New Approaches to the 60/40 Strategy

Copyright: <a href='https://www.123rf.com/profile_stockbroker'>stockbroker / 123RF Stock Photo</a>George Santayana once said, “Those who cannot remember the past are condemned to repeat it.” Santayana was thinking about moral philosophy of course, but his comment is applicable to your retirement system, as well. Let me explain.

I recently had a visit from some a nice couple from East Sandwich; I’ll call them Jay and Collette. Jay and Collette, like me, both just turned 50 last year. They have one kid off to college in the fall and another who’s a junior at Sandwich High. These two hard-working professionals have been managing their investable assets themselves and are concerned about their strategy. Their assets took a bit of a beating shortly before our meeting. Jay said that he did not understand what they did wrong. He and Collette thought they were relatively safe from market corrections, but were looking at some pretty hefty losses in their portfolio. They decided it would be a good time to have their portfolio reviewed by a retirement specialist.

When I dove into the details one thing became apparent right away: they were following an outdated formula.

You see, for decades many retail financial professionals and stockbrokers recommended a 60/40 portfolio to their clients – a split comprised of 60% equities and 40% bonds, or other fixed-income instruments. So, Jay and Collette decided to use that same formula.

The conventional wisdom has been that investing 60% of a portfolio in stocks (equities) would provide market gains while allocating 40% of a portfolio to fixed-income instruments, like bonds, would provide some yield and help to cushion that portfolio from market downturns. The logic is that if stocks go up, bonds go down. And vice versa. Or another way to put it is that those asset classes are uncorrelated.

Hmmm . . . but what if they are not?

Since 2000, there have been periods when stocks and bonds have both moved downward simultaneously. Which is exactly what happened right before Jay and Collette came to see me. These sorts of double-downward shifts can be short-term, but the bottom line here is that “conventional wisdom” isn’t gospel and needs to be reevaluated in part because the correlation between many asset classes has increased.

The 60/40 strategy is a point of confusion to a lot of investors. A Dreyfus analysis published in 2017 showed that 42% of individual investors thought the ratio was a strategy for short-term and long-term investments (it isn’t – again, it’s equities and bonds). Once the strategy was explained to those investors, only about half of those polled thought it was the ideal asset allocation.

Here’s the problem: with such an uneven economic recovery, low rates at central banks worldwide and other factors, a 60/40 portfolio simply doesn’t make sense for many investors. Bonds no longer post returns at the rates they did when this formula was first developed and are unlikely to get close to that level again anytime soon. And at the same time, they are still subject to interest rate risk and market risk. Although fixed-income investments can be an important piece of an individual investor’s portfolio, it is critical to understand how they behave and to consider whether the amount allocated to such investments is appropriate for the defined risk tolerance and investment goals.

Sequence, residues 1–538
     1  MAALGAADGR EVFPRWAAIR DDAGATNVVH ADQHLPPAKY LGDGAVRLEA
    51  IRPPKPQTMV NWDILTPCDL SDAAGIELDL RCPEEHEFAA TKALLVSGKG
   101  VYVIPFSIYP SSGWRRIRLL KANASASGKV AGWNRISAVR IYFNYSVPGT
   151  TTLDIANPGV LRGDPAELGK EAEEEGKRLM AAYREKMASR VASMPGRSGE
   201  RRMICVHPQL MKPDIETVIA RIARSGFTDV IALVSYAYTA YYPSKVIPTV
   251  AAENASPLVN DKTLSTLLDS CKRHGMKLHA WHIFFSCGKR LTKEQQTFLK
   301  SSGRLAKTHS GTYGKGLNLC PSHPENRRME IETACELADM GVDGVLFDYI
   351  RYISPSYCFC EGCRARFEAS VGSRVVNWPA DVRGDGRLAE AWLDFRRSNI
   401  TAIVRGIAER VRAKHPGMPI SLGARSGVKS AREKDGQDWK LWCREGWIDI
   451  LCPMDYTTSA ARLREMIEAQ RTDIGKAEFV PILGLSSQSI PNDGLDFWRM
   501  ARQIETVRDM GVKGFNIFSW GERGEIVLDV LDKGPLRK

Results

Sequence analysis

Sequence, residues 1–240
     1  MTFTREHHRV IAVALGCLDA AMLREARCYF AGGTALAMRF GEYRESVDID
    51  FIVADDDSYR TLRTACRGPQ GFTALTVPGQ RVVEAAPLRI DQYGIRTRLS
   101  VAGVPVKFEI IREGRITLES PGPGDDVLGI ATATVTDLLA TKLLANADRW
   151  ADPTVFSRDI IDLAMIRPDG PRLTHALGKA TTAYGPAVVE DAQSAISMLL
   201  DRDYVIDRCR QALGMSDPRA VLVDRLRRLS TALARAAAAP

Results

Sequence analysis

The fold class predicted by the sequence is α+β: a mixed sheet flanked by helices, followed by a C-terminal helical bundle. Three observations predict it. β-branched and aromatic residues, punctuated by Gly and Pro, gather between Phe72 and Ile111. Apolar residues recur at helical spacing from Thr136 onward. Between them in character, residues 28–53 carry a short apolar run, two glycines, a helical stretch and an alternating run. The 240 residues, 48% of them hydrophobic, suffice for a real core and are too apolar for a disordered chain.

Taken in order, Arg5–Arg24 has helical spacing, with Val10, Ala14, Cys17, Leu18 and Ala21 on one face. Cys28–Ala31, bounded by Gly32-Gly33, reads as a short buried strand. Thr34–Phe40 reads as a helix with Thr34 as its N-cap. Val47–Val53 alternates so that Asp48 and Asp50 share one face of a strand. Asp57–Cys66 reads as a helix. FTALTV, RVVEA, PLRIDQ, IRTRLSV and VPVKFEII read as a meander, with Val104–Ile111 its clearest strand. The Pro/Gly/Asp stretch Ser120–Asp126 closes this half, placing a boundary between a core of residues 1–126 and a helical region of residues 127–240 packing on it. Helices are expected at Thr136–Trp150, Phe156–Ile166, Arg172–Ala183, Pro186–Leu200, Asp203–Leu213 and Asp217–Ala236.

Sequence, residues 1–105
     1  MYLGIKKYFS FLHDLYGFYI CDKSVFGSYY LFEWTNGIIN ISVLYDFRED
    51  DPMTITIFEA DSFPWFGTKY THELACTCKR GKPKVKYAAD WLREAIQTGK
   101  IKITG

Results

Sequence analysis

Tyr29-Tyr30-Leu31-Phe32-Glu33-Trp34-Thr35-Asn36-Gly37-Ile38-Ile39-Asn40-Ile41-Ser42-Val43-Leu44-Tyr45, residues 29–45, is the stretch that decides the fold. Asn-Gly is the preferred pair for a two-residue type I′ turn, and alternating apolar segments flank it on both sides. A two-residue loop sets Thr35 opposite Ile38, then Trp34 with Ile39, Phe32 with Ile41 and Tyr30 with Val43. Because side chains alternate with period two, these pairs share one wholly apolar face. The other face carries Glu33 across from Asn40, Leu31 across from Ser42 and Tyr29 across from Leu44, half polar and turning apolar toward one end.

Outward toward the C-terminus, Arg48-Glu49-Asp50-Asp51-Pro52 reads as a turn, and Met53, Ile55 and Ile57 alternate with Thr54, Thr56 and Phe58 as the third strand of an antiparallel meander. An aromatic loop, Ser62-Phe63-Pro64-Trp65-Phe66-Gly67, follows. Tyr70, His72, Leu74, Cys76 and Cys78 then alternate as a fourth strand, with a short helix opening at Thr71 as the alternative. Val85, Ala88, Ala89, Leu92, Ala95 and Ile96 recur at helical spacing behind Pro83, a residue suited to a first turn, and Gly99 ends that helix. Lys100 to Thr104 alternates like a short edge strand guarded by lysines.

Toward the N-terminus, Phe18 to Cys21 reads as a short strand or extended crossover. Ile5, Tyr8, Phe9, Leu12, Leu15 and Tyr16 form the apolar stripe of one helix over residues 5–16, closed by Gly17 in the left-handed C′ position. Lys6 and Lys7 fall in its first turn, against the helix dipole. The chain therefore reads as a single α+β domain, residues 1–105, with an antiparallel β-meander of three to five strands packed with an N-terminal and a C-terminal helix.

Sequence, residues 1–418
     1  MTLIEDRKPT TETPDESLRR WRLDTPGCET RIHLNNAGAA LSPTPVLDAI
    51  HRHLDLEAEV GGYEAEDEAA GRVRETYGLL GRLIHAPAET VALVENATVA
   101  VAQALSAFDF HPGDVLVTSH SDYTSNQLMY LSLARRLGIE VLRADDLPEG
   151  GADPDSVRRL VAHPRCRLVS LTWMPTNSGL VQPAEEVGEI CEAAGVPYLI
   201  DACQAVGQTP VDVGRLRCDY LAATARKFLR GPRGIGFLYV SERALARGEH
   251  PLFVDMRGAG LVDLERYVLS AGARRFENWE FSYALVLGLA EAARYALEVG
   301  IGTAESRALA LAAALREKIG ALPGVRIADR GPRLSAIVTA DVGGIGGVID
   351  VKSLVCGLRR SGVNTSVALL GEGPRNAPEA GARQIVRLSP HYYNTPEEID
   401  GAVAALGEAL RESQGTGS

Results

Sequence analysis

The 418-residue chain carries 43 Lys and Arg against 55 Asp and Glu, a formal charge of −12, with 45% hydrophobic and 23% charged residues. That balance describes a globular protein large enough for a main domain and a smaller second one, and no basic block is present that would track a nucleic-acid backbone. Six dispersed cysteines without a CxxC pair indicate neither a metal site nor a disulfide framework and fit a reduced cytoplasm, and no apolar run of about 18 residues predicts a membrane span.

In fact, there are alternatives to bonds that may offer higher yields while still cushioning a portfolio from downside risk. And as I frequently say, it is also important to have a rules-based system in place to take advantage of upward market movement while limiting volatility when the momentum on Wall Street shifts.

Jay and Collette are still in the wealth accumulation phase of their lives. They’re years – decades, probably – away from retirement. But like many people their age (Gen Xers), they lost a significant amount of wealth in the 2008 recession and have worked very hard to make up for lost time. So, it’s perhaps understandable why Jay and Collette would take what they consider is a conservative position with their investment portfolio.

And although Jay and Collette have succeeded in rebuilding their wealth since 2008, they have not recalibrated their investment strategy. They are just as exposed in 2018 as they were a decade ago, when they lost 40% of their wealth – in spite of having such a large amount of their portfolio invested in an asset class with more conservative annual returns.

As Cutter Family Finance readers know, we should never look at an investment as right or wrong, only as appropriate or not. Even though Jay and Collette thought their existing investment strategy would cushion them in the event of a market downturn, the reality is that it left them open to losses – potentially big losses if the correlation between equities and bonds continues to increase.

What’s my point?

Look, we all need to be mindful of the changing nature of the financial markets and we cannot be afraid to reevaluate some of those well-known investment rules. We need to understand if and how those rules apply to us.

So, this week, ask yourself whether your current investment rules are appropriate in today’s markets . . . or not. Ask yourself what options you have available to you to help reach your goals. And this would certainly be a great time to understand the correlation between the asset classes in your investment portfolio.

Be vigilant and stay alert . . . because you deserve more.

Have a great week!

Jeff Cutter, CPA/PFS is President at Cutter Financial Group, LLC. A wealth management firm with offices is Falmouth, Duxbury, and Mansfield. Jeff can be reached at jeff@cutterfinancialgroup.com.

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